observing a just proportion by comparing one person or
fact with another, so that neither equal persons have

2 (1986) 2 Gauhati Law Reports 487
10

unequal things nor unequal persons things equal.
“Equity’ is a system of law or rules more consonant than
the ordinary law which opinions current for the time being
as to a just regulation of the mutual rights and duties of
men living in a civilized society, vide Halsbury’s Laws of
England, 3rd Edn,, Vol. 14, p. 464. “Equity’ according to
Blackstone means “that portion of remedial justice which
was formerly exclusively administered by a court of
Equity as contra-distinguished from that portion which
was formerly exclusively administered by a court of
common law” – vide Blackstone’s Commentaries, 429-

437. The meaning of the expressions “Justice, equity
and good conscience” was summed up by Lord
Hobhouse in SectionWaghela Rajsanji v. Shekh Masludin (1887)
13 Ind. Appl. 89(96). “Justice, equity and good
conscience” could be interpreted to mean the rules of
English Law and found applicable to Indian society and
circumstances”.

16. In the matter of Chuiyya s/o Jhadi and another v. Mangari Bai

and another 3, the M.P. High Court while dealing with the issue of

inheritance of property of father by daughter belonging to “Oraon

tribe” held as under: –

“It is true that the provisions of SectionHindu Succession Act,
1956 do not apply to the members of the Scheduled
Tribe as per Sectionsection 2(2) of this Act. It is also true that
parties are Scheduled Tribes. In the absence of son the
daughter was entitled to inheritance and she used to get
“limited Estate” and on her death it used to pass on to
the reversioners of her father. That rule has been
abrogated. Section 14 of the Hindu Succession Act,
1956 confers full heritable capacity on a female heir.
There is no definite evidence that amongst the Oraons a
daughter is excluded from inheriting the property of her
father. There should be no disparity in the rights of man
and woman in matters of succession and inheritance.
This is recognized in all the systems. It is for the person
setting up the plea of exclusion of daughter from
inheritance to prove and establish that there is such a
caste custom. A custom is a rule which has by long
usage obtained the force of law. It must be ancient,
certain and reasonable. The daughter is entitled to the
share in the lands in dispute.”

17. Similarly, in the matter of SectionSukhmani and others v. Jagarnath 4, the

M.P. High Court applying the principles of equity, justice and good

3 2000(2) M.P.L.J. 441
4 2000 RN 301
11

conscience, finding no provision of law governing right to

succession among Gond-caste held as under: –

“10. The trial Court had rightly held that the daughters
are entitled to a share in the property of father in the
Gond community and they along with Sonamati and the
respondent succeeded to the property of Jatu. After the
death of Sonamati half share of Sonamati was also
transmitted to the appellants as there was no prohibition
in law to succeed the property of their step-mother. In
fact, sections 5 and 6 of the Central Provinces Law read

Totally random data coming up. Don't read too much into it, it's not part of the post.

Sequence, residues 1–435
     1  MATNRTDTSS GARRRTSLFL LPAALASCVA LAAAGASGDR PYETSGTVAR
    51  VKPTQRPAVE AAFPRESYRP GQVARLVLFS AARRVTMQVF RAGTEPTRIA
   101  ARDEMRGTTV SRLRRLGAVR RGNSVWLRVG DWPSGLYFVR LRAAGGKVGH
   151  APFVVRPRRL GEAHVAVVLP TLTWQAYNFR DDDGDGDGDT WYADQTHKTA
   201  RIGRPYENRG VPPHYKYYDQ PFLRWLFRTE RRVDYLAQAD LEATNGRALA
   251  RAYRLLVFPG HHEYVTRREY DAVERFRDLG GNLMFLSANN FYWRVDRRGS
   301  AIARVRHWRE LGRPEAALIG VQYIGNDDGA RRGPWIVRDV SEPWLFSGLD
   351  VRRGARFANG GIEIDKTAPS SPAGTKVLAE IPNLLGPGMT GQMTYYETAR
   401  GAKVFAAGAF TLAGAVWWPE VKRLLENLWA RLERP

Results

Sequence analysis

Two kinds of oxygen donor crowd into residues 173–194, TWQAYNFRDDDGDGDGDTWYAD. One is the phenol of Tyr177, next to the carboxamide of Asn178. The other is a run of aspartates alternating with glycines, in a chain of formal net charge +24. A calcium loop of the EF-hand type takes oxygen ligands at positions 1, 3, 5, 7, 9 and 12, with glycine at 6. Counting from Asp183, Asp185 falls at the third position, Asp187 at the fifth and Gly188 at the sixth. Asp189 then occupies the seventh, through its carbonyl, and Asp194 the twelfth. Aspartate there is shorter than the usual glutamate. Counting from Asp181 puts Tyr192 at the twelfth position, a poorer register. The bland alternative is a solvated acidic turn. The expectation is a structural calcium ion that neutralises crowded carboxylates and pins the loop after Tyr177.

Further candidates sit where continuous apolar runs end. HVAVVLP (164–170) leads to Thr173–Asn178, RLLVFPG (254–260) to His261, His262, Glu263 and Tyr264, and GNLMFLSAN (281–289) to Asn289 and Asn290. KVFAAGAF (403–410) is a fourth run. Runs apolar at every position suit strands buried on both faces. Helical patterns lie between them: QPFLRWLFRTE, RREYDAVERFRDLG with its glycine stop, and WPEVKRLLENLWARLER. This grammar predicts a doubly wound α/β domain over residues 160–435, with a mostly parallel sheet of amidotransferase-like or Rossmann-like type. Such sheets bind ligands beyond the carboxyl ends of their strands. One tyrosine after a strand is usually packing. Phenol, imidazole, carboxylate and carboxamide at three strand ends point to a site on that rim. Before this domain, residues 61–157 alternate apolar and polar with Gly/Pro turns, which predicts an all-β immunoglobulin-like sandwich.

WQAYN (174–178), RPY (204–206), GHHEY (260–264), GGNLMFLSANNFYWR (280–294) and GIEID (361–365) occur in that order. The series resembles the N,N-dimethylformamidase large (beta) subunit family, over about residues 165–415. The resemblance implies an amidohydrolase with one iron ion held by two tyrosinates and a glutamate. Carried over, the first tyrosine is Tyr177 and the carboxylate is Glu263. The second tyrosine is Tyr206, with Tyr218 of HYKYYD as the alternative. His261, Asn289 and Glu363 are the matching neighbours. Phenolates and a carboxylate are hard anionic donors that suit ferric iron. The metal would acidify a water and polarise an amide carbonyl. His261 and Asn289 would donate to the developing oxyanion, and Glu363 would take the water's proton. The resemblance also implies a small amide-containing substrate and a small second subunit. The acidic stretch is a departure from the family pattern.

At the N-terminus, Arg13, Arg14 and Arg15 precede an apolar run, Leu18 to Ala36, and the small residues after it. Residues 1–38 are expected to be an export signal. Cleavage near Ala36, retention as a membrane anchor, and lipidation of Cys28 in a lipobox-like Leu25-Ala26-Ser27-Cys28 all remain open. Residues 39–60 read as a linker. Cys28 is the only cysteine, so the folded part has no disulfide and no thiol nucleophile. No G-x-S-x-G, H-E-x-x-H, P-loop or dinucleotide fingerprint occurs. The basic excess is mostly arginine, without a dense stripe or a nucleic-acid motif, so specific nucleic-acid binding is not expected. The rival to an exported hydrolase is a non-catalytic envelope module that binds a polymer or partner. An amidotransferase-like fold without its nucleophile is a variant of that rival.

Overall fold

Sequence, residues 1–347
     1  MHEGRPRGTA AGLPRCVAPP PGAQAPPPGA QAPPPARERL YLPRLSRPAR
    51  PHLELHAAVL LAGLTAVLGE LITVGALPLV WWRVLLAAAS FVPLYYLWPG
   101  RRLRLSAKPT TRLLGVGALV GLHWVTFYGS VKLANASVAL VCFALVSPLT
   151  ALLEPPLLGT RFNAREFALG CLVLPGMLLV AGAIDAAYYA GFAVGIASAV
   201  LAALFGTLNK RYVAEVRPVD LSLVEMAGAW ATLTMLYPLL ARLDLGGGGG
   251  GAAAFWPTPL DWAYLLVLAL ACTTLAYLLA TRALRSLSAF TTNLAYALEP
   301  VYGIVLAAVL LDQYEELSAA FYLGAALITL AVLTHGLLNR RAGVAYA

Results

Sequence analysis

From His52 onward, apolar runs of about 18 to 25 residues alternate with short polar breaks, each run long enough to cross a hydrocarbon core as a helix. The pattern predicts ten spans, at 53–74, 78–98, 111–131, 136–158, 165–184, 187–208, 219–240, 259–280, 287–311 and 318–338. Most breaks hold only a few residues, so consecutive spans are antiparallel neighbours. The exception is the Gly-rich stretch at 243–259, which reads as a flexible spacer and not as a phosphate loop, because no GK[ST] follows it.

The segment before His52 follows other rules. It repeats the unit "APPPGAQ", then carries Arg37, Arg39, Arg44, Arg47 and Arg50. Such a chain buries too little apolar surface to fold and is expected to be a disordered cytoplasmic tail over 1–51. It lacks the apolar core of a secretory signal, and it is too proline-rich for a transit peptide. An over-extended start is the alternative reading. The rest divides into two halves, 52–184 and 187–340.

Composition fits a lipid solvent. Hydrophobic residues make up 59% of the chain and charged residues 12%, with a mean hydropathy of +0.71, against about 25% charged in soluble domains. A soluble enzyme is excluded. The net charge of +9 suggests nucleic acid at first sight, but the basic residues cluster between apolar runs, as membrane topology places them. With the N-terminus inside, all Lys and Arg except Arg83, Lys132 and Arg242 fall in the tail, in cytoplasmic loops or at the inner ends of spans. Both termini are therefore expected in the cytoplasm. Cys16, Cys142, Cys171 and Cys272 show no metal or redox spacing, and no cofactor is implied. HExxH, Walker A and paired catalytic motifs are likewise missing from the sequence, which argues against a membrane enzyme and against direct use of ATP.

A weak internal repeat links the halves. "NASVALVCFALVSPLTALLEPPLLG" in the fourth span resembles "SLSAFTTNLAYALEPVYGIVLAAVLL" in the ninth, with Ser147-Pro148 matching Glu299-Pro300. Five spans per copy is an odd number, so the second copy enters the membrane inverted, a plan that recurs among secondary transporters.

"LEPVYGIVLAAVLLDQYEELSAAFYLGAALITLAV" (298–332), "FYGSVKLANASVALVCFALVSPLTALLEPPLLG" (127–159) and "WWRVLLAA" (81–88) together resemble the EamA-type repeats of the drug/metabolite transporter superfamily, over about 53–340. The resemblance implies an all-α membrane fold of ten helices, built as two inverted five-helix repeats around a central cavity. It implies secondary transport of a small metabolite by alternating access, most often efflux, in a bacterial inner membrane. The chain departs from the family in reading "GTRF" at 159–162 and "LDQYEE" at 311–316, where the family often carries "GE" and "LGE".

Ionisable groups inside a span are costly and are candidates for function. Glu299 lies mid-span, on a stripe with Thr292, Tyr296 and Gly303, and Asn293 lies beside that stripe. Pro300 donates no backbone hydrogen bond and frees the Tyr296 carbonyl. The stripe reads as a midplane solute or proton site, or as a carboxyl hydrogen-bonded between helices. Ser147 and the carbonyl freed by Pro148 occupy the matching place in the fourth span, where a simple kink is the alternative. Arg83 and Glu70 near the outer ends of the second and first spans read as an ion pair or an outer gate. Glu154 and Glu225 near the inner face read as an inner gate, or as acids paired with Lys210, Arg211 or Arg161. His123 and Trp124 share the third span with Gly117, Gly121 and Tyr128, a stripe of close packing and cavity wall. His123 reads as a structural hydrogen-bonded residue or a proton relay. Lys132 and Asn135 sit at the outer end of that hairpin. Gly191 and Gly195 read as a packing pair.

together would show that in absence of any law
governing the right to succession, the principles of equity,
justice and good conscience shall apply.

11. For all these reasons, this Court comes to the
conclusion that the appellants and the respondent are
entitled to 1/6th share each in the suit property.”

18. This Court also in the matter of Mst. SectionSarwango and others v.

Mst. Urchamahin and others 5, applying Section 6 of the Central

Provinces Laws Act, 1875, held that in absence of any law of

inheritance or custom prevailing in Gond-caste, Courts are required

to decide right according to justice, equity and good conscience

and allotted ½ share to daughters on the property left by their

father. It was observed as under: –

“10. In the present case, both the parties have failed to
prove any law of inheritance or custom prevailing in their
Gond caste i.e. member of Scheduled Caste whom
Hindu Law or other law governing inheritance is not
applicable. In absence of any law of inheritance or
custom prevailing in their caste governing the inheritance
the Courts are required to decide the rights according to
justice, equity and good conscience in term of Section 6
of the Act. Plaintiffs Sawango and Jaituniya are
daughters of Jhangal, nearest relative rather the
respondents, who were daughter-in-law of brother of
Jhangal and legitimate or illegitimate son of Balam
Singh, son of Dakhal.

11. In these circumstances, plaintiffs Sawango and
Jaituniya would be the persons’ best entitlement to inherit
the property left by their father. The Courts below ought
to have decreed the suit for partition to the extent of

5 AIR 2013 Chhattisgarh 98
12

share of Jhangal, but the Court below i.e. the lower
appellate Court has allowed the appeal and dismissed
the suit in absence of any law or custom for inheritance
for a member of Schedule Tribe. The Courts below are
required to decide their rights of inheritance in
accordance with the provisions of Section 6 of the Act
applicable to the State of Chhattisgarh and undivided
State of Madhya Pradesh.”

19. In view of the aforesaid legal position, it is held that defendant No.1

has failed to establish that being the members of aboriginal tribe,

they have given up their customary succession and have become

“Hindus out-and-out” or “sufficiently Hinduised” and in the matter of